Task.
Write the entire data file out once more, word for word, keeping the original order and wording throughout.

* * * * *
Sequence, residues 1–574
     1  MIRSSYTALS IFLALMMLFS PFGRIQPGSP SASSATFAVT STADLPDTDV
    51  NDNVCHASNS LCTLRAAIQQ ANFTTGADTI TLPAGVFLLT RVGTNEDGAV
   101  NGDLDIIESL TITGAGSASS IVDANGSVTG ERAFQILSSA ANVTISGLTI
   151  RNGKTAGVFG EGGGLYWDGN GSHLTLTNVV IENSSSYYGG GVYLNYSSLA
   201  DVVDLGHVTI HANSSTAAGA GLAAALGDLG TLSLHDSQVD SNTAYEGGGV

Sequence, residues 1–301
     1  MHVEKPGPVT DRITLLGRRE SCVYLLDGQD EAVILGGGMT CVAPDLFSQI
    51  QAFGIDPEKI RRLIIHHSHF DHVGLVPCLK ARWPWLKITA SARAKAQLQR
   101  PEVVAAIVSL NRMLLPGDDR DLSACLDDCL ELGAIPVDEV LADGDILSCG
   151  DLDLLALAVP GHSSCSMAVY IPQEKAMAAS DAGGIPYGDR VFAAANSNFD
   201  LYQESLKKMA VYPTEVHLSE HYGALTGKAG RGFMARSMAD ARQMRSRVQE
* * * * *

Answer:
Sequence, residues 1–574
     1  MIRSSYTALS IFLALMMLFS PFGRIQPGSP SASSATFAVT STADLPDTDV
    51  NDNVCHASNS LCTLRAAIQQ ANFTTGADTI TLPAGVFLLT RVGTNEDGAV
   101  NGDLDIIESL TITGAGSASS IVDANGSVTG ERAFQILSSA ANVTISGLTI
   151  RNGKTAGVFG EGGGLYWDGN GSHLTLTNVV IENSSSYYGG GVYLNYSSLA
   201  DVVDLGHVTI HANSSTAAGA GLAAALGDLG TLSLHDSQVD SNTAYEGGGV

Sequence, residues 1–301
     1  MHVEKPGPVT DRITLLGRRE SCVYLLDGQD EAVILGGGMT CVAPDLFSQI
    51  QAFGIDPEKI RRLIIHHSHF DHVGLVPCLK ARWPWLKITA SARAKAQLQR
   101  PEVVAAIVSL NRMLLPGDDR DLSACLDDCL ELGAIPVDEV LADGDILSCG
   151  DLDLLALAVP GHSSCSMAVY IPQEKAMAAS DAGGIPYGDR VFAAANSNFD
   201  LYQESLKKMA VYPTEVHLSE HYGALTGKAG RGFMARSMAD ARQMRSRVQE